Long COVID-19 conditions

By JAMES D. LOMAX, MD

Posted 10/5/21

What are long (lasting) COVID-19 and its associated health problems for people who have been infected with Acute Respiratory Syndrome 2 (SARS-CoV-2)?  

Because we hear daily about the …

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Long COVID-19 conditions

By JAMES D. LOMAX, MD

Posted

What are long (lasting) COVID-19 and its associated health problems for people who have been infected with Acute Respiratory Syndrome 2 (SARS-CoV-2)?  

Because we hear daily about the high number of new cases of COVID-19 nationwide, due to the delta variant, we don’t pay as much attention to what happens to people who have been infected, treated and discharged from care.

What is underreported in lay press articles is that 80 percent of symptomatic people with COVID-19, regardless of severity,  develop one or more long-term symptoms. A literature review of medical articles published in Scientific Reports, August 2021, reports that there have been 50 different medical complications reported by physicians.

The terminology is confusing and not standardized for these conditions that we will discuss. For the purpose of this article, we will describe these complications under the heading of “long COVID.” Lay press will refer to these people as “long-haulers.”   

A mild-to-moderate COVID-19 infection lasts about two weeks in most people, but others experience lingering problems that can extend out weeks to months. People with severe symptoms that require hospitalizations and stays in the ICU require a long period of time to rehabilitate. Even people who are treated as outpatients can develop a long-term disability. Additionally, we are now beginning to see long COVID in children due to return to the school setting.

For people over the age of 18, SARS-CoV can attack the lungs, heart, kidneys, liver, central nervous system, and other organs. Common long-lasting symptoms are fatigue, shortness of breath, persistent cough and joint and chest pain. Other associated problems include difficulty in concentrating (“brain fog”), depression, dizziness, headaches, rapid heart rate and periodic fever. [See box for more detail.]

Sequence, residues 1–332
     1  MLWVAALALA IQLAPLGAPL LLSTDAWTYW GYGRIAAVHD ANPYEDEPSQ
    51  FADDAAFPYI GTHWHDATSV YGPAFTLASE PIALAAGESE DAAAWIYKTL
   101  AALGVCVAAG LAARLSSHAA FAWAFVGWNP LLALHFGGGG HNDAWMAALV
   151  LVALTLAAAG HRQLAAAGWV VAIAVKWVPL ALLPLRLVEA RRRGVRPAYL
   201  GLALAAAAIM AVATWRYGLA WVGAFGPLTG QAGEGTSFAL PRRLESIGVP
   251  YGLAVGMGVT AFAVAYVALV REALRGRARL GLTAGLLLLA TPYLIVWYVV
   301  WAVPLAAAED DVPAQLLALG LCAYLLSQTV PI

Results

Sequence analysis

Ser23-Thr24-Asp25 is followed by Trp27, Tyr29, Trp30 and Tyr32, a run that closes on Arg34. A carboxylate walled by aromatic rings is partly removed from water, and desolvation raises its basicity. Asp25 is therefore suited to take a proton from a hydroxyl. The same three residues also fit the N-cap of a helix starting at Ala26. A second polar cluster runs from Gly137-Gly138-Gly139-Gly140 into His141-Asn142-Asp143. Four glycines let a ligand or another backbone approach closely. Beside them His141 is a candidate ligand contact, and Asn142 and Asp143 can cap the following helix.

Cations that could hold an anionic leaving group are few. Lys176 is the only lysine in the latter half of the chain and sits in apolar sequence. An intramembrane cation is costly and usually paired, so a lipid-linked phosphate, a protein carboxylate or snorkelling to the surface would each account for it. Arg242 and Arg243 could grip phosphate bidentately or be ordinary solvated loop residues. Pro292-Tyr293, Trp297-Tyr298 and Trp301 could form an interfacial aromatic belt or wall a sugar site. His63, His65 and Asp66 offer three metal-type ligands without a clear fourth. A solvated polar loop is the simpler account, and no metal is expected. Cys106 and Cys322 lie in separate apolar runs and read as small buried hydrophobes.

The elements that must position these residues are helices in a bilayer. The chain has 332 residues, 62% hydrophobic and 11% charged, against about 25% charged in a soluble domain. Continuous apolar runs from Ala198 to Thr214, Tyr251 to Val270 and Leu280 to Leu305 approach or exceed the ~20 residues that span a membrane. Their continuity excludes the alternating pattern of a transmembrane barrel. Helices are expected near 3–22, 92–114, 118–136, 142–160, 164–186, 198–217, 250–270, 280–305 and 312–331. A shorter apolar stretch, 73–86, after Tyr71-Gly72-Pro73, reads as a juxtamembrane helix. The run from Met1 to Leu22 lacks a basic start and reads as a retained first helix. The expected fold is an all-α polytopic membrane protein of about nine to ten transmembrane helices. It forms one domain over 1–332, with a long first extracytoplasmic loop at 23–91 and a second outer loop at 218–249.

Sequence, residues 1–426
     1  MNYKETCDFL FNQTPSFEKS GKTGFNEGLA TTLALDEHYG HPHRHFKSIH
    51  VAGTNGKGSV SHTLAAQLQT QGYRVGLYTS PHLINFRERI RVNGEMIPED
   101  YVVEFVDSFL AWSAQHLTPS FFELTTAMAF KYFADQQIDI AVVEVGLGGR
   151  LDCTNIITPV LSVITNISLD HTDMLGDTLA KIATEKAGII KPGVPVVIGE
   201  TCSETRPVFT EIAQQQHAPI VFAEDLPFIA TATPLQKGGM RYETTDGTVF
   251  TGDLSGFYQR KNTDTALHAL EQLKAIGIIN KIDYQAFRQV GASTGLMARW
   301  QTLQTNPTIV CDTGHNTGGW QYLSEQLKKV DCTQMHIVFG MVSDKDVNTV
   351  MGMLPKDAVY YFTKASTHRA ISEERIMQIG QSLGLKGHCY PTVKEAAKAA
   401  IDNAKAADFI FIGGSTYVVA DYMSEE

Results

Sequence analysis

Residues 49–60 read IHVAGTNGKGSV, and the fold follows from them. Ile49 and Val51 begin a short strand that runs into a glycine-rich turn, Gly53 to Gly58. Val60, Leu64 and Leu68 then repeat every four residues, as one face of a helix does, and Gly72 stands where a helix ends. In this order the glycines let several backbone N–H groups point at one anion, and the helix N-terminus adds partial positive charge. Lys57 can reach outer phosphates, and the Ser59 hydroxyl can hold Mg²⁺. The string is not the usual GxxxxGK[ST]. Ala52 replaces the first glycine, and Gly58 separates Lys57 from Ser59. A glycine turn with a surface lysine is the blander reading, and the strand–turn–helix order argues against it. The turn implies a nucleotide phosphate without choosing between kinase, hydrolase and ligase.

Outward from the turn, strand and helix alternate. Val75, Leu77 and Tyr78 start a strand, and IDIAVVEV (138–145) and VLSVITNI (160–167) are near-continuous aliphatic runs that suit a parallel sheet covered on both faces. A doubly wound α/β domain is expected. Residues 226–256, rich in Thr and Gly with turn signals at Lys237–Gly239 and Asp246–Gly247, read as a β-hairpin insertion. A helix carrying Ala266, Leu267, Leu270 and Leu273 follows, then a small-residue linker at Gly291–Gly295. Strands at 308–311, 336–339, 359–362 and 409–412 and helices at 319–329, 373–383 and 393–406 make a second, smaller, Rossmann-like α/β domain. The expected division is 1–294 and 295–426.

Diabetes is considered a risk factor for developing severe COVID complications.

Long COVID-19 in children

Fortunately, most children infected with COVID-19 are either asymptomatic or have mild symptoms that last less than four weeks. The Journal of the American Medical Association reported that about one in every 25 children with COVID-19 has symptoms extending beyond 12 weeks. There is a need to study children who have been vaccinated with unvaccinated kids to see if there is a difference in long COVID-19 side effects.   

At this time, vaccines are available for children aged 12 to 17.

A study reported by King’s College in London used caretaker data from 1,734 children aged five to 17 to track the most common long-term symptoms. Of this group, 37 were hospitalized but there were no reported deaths. Older children, 12-17 years of age, were more likely to have long COVID-19 symptoms compared to younger kids, aged five to 11. [See box.]

Long-term COVID-19 in children

The most common long-term symptoms in children include:
“Brain fog” or trouble concentrating
Chest pain
Cough
Depression/anxiety
Heart palpations  
Joint and muscle pain
Lightheadedness when standing up
Loss of taste and smell
The sensation of trouble breathing

Severely symptomatic children in the ICU, who may have been on a ventilator, can develop weak muscles, fatigue, persistent rapid heart rate and brain fog. These symptoms can exist for a long period of time, as with adults.

WebMD reports that COVID-19 can overlap with other existing problems in children and young adults. Chronic fatigue syndrome clinically looks similar and can co-exist with COVID-19. Orthostatic intolerance can develop as a long-term complication of COVID-19; it includes lightheadedness, weakness, dizziness, or faintness when they sit or stand for more than a few minutes, especially after showering or more physical activity.  

What is the treatment for long COVID-19?

Treatment of these long-term complications for adults and children center mostly around breathing exercises, physical therapy, medications, and other supportive therapies.  Because there is not yet a clear understanding of how COVID-19 causes damage to various organ systems, targeted therapies are not available.   

The best way to avoid post-COVID-19 complications is the prevention of infection in the first place. Practice physical spacing, hand washing and mask-wearing when in crowded settings, along with getting vaccinated.   

If you think that you are becoming symptomatic from COVID-19, an urgent referral to your family doctor is essential, because of the potential permanent heart and or lung damage. Do not ignore a loss of the sense of smell, depression, anxiety or insomnia. If you experience new chest pain, difficulty breathing, bluish lips or any incapacitating symptoms, call 911 or emergency services immediately. 

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